Increase the heat to medium-high and stir in the port and balsamic, scraping the browned bits from the bottom of the pot. Add the chicken stock, bacon, and bouquet garni. Bring the soup to a boil.

Reduce the soup to a simmer, season with salt and pepper, and cook for 45 minutes to 1 hour, skimming any foam off the top. Discard the bouquet garni.

Preheat the broiler.

Ladle the soup into individual crocks. Float 2 croutons side by side on each. Spread a generous, heaping amount of cheese over the entire top of the soup.

Place the soup crocks under the broiler until the cheese melts, bubbles, browns, and even scorches in places. Serve immediately and very carefully. The crock and soup will be extremely hot.

Since the onion soup and duck preparations were so involved, I decided to stick with pretty quick and simple accompaniments that would complement without stealing the show: mashed sweet potatoes and roasted brussels sprouts. The sweet potatoes were very flavorful but a little too starchy for the duck, which was slightly overwhelmed by them. I felt the brussels sprouts were an excellent match, though if I had realized I’d need to reheat them I would have undercooked them by a few minutes so they were more crisp upon serving. Both recipes came from the November issue of Cooking Light.

Rosemary Mashed Sweet Potatoes with Shallots

2 tablespoons plus 2 teaspoons extra-virgin olive oil
3/4 cup thinly sliced shallots (about 2 large)
2 teaspoons brown sugar
2 pounds sweet potatoes, peeled and diced
1 tablespoon finely chopped fresh rosemary
1/2 teaspoon coarse sea salt
1/4 teaspoon freshly ground black pepper

Heat 2 tablespoons of the olive oil in a medium skillet over low heat. Add the shallots to the pan and cook for 5 minutes, stirring occasionally. Sprinkle with the sugar, then cook for 20 minutes or until the shallots are golden, stirring occasionally.

Place the diced potatoes in a medium saucepan; cover with water. Bring to a boil and cook for 8 minutes, or until tender. Drain. Place the potatoes in a large bowl and beat with a mixer at medium speed until smooth. Add the rosemary, salt, and pepper, and beat until blended. Spoon into a bowl, top with the shallots, and drizzle with the remaining 2 teaspoons oil.

Brussels Sprouts Gratin

2 hickory-smoked bacon slices
4 large shallots, thinly sliced
2 pounds brussels sprouts, trimmed and halved
1 cup water
1/2 teaspoon kosher salt
1/4 teaspoon freshly ground black pepper
Cooking spray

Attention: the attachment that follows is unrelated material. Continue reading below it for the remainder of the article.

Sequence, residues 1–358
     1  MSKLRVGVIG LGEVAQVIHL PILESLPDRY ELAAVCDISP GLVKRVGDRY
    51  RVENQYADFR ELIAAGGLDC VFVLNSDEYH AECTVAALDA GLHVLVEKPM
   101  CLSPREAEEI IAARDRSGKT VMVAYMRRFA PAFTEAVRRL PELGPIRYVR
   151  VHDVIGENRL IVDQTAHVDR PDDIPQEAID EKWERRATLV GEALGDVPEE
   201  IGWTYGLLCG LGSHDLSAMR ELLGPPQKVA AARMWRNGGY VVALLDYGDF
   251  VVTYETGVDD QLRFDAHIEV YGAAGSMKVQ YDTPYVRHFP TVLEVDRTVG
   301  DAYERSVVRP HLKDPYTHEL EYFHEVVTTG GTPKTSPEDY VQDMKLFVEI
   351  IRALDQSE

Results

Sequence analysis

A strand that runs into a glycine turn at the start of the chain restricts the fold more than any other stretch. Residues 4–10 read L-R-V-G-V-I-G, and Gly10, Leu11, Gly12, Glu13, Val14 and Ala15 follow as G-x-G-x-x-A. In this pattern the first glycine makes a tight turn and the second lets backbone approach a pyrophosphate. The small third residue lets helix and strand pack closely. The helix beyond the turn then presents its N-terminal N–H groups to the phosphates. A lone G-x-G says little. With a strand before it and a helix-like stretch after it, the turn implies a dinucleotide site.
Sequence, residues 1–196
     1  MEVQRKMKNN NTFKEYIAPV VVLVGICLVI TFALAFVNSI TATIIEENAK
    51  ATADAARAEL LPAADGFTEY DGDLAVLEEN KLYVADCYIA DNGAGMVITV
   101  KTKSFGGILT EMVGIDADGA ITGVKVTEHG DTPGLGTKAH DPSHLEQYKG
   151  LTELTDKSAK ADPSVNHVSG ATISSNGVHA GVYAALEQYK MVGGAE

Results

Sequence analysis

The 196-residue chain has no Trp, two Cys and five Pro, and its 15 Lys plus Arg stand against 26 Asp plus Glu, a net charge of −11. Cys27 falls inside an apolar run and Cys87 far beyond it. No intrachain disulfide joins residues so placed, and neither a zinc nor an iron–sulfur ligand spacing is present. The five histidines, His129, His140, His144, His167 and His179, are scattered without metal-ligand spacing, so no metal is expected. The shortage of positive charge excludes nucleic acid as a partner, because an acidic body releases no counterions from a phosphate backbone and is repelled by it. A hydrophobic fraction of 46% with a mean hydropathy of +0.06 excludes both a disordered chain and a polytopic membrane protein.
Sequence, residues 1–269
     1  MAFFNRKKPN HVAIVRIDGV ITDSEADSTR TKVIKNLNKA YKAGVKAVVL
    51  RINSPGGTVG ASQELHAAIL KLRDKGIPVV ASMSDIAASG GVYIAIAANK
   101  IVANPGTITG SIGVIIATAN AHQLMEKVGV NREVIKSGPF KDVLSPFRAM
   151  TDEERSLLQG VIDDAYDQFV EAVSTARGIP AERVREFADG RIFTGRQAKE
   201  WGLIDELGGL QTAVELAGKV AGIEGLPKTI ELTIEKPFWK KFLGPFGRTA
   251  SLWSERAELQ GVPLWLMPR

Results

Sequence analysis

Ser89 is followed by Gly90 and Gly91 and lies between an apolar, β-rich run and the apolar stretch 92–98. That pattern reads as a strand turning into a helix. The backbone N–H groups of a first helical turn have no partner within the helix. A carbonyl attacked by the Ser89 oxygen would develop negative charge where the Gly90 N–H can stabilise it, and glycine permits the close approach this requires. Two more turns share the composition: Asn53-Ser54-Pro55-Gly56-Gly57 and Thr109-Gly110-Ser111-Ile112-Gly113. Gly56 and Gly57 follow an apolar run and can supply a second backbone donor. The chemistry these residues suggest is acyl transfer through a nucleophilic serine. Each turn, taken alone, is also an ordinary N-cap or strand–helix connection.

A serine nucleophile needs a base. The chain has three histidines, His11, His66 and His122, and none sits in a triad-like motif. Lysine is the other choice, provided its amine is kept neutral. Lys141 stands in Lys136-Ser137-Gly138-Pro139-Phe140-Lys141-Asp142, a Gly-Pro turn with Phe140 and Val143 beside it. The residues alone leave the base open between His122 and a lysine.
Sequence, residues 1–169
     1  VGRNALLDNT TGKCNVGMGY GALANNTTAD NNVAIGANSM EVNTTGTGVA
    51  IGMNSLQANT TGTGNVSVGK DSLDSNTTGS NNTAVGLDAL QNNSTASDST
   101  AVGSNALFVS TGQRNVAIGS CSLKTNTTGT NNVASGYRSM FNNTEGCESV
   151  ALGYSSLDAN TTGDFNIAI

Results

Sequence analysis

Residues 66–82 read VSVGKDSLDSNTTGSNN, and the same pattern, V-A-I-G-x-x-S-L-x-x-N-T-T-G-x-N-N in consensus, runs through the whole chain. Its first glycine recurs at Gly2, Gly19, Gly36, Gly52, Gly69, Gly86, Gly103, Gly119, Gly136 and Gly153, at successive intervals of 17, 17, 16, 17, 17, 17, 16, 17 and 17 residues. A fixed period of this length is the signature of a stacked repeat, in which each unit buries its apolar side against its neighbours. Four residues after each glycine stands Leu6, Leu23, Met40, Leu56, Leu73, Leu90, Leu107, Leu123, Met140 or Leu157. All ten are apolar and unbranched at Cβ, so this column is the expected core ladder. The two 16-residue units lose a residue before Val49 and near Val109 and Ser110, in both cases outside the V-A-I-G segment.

One 2-ounce baguette slice [I used store-bought breadcrumbs]
3 tablespoons butter

Preheat the broiler.

Cook the bacon in a large skillet over medium heat until crisp. Remove the bacon from the pan, reserving drippings; crumble and set aside. Increase the heat to medium-high. Add the shallots to the drippings and sauté for 2 minutes or until tender, stirring occasionally. Add the brussels sprouts and water; bring to a boil. Cover the pan loosely with aluminum foil and cook for 6 minutes, or until brussels sprouts are almost tender. Uncover and remove from the heat. Sprinkle with 1/4 teaspoon of the salt and pepper; toss to combine. Spoon the mixture into a 2-quart broiler-safe glass or ceramic baking dish coated with cooking spray.

Place the bread slice in a food processor, and process until finely ground. Melt the butter in a skillet over medium-high heat. Add the breadcrumbs and remaining 1/4 teaspoon salt to the pan, and sauté for 2 minutes or until toasted, stirring frequently. Add the crumbled bacon to the breadcrumb mixture. Sprinkle over the brussels sprouts. Broil for 3 minutes, or until thoroughly heated.

Finally, to cap off the meal (several hours later, as we were all stuffed), I prepared a very traditional crème brûlée and topped each serving with luscious fresh raspberries. Doesn’t it look gorgeous? Sadly, the custard didn’t set up correctly. I’m not sure if it was because the ramekins were submerged too deeply in water or if they were just a bit too full and therefore needed a longer cooking time. When I checked them after 45 minutes they seemed to be setting up, so I removed them from the oven, but once we cracked into the sugar they were more a custard cream than a pudding. Not that this was a problem—it still tasted wonderful. The berries were absolutely perfect, and using a real vanilla bean rather than cheating with extract makes a huge difference in flavor. All in all a lovely end to a lovely evening.

Crème Brûlée (Les Halles)

1 quart heavy cream
1 vanilla bean
3/4 cup granulated sugar
10 egg yolks
6 tablespoons brown sugar

In a large saucepan, combine the heavy cream, vanilla bean (split lengthwise and seeds scraped), and half of the sugar. Stir well and bring the mixture to a boil.

Place the egg yolks in a large mixing bowl and whisk in the remaining sugar, continuing to whisk until the mixture is pale yellow and slightly foamy. Remove the cream from the heat, and working in small batches and very slowly, gradually whisk it into the yolk mixture. Whisk constantly to temper the yolks and prevent curdling. Remove the vanilla bean pod and discard.

Preheat the oven to 300 degrees F.

Place six 8-ounce ramekins in a baking pan and fill the pan with water so that it comes halfway up the sides of the ramekins. Divide the custard evenly among the ramekins and cook in the oven for about 45 minutes, or until the top is set but still jiggly. Remove from the oven and let cool to room temperature. (They can be held overnight, covered with plastic in the refrigerator.)

Sprinkle 1 tablespoon brown sugar over the top of each custard. Carefully run a propane torch over each custard to caramelize the sugar. Wait a minute for it to harden, then serve.

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3 Comments so far
Leave a comment

I love the name of your blog and all of the recipes sound delish

Comment by Babygirl

Thanks very much!

Comment by prettydishes

um … YUM.

Comment by meosima